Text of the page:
Paul Biya’s Speech at the Leaders’ Summit on Refugees

Over the course of 2016, 11 of the countries participating in the Leaders’ Summit have at least doubled their financial contributions for humanitarian assistance as compared to last year. Four countries have committed to at least ten times more this year than in 2015. President Biya whose country harbours over 350,000 refugees made a speech during the Leaders’ Summit on Refugees event. It follows:

The President of the United States of America,
Distinguished Heads of State and Government,
The Secretary-General of the United Nations,
Ladies and Gentlemen,

Permit me, first and foremost, to add my voice to those of previous speakers to thank President Barack Obama and Secretary-General Ban Ki-moon, for their welcome initiative to convene this summit.
The refugee issue, as we all know, is one of the major challenges of our century. I will spare you the statistics which have already been mentioned here, and which show that the problem is serious. Given the magnitude of this human tragedy which pricks our collective conscience, we have a historic responsibility, namely to take action. My   country will not shirk that responsibility.

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Ladies and Gentlemen,

True to its tradition of hospitality and solidarity, and by virtue of its stability, Cameroon is a haven for people seeking peace and safe refuge.

To date, my country hosts more than 350 000 refugees of different nationalities. To cope with this influx, my Government has taken measures to provide decent living conditions for them. In recent years, refugee camps have been set up in collaboration with the UNHCR to settle Nigerian refugees fleeing the atrocities of the Boko Haram sect, and those from the Central African Republic faced with political instability. Minawao Camp alone, for instance, hosts over 80 000 Nigerian refugees.

At these reception sites, the refugees enjoy basic social services provided by the Cameroon Government, friendly countries, the UNHCR and humanitarian organizations. Facilities are offered, particularly in education, at all levels.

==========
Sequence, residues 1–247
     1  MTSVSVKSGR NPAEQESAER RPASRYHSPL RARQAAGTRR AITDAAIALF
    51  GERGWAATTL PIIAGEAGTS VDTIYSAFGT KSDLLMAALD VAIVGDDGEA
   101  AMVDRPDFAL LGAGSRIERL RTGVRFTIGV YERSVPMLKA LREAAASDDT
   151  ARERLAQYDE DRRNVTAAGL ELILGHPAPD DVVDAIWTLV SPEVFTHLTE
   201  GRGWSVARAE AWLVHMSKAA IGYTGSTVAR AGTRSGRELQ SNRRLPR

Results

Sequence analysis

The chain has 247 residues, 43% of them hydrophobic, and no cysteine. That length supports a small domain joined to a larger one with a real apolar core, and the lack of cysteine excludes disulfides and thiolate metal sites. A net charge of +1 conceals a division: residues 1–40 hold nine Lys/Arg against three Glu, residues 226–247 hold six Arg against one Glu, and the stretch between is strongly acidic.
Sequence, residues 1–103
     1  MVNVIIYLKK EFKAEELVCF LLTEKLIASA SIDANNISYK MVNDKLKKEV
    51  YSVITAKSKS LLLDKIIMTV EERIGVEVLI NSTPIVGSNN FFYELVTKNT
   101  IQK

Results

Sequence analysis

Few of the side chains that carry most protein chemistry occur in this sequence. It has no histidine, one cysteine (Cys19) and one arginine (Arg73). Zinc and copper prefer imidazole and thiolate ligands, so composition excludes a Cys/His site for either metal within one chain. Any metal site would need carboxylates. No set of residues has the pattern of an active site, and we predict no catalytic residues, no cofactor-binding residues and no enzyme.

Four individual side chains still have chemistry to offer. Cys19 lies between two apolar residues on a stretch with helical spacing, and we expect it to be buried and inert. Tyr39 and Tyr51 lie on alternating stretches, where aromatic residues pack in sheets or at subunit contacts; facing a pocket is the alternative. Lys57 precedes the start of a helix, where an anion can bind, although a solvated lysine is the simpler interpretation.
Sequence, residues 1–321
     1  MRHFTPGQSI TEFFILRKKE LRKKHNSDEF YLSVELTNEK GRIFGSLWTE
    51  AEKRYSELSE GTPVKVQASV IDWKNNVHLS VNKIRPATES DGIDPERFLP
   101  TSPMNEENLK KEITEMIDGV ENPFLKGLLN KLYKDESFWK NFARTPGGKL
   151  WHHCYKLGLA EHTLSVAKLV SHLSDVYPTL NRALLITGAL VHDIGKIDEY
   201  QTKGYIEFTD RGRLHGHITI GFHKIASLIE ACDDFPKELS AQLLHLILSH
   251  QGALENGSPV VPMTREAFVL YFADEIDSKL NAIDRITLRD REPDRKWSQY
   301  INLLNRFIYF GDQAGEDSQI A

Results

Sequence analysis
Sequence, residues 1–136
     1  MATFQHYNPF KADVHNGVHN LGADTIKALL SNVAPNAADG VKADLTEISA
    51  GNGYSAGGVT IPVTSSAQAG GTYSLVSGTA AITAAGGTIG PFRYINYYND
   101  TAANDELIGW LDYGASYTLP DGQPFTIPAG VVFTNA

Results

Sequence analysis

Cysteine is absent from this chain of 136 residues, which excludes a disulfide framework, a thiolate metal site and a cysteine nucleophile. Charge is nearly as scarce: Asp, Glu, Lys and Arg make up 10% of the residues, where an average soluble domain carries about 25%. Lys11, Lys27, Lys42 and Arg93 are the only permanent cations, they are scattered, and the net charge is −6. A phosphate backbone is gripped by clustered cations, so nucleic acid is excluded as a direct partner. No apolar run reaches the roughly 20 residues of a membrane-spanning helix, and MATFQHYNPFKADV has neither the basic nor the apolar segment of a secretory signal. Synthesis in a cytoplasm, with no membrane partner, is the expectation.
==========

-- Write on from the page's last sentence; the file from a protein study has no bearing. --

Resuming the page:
Healthwise, the Cameroon Government recently signed a framework agreement with the UNHCR to jointly provide care to refugees in our local hospitals. Regarding protection, measures have been taken to issue secured identity cards to persons eligible for refugee status.

Despite the huge financial impact of implementing these measures, we will continue with and increase our assistance to refugees and hundreds of thousands of displaced persons in Cameroon’s Far-North Region, who are also fleeing the atrocities of the Boko Haram terrorist organization.

At this juncture, I would like to appeal for increased international community support to countries, which like Cameroon, are hosting hundreds of thousands of refugees on their territories.

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Also, let me draw the attention of the distinguished personalities here present to the situation of some areas of my country which are ravaged by terrorism, and where reconstruction will require substantial resources. Such is the price to pay for the resettlement of the affected people.

I would like to conclude with acknowledgements.

My very sincere thanks go to all friendly countries for their constant support to our fight against terrorism.
We thank them as well as International organizations and civil society. We particularly appreciate their support for our determination to provide to persons in distress, dignified reception and living conditions, and to their children, access to education.
Thank you.

The Leaders’ Summit on Refugees, culminated in a sustained effort to rally nations to step up their efforts in response to the largest mass displacement crisis since the Second World War. A meeting was built to mobilize private sector resources to address this same crisis Based on commitments received prior to the Leaders’ Summit.

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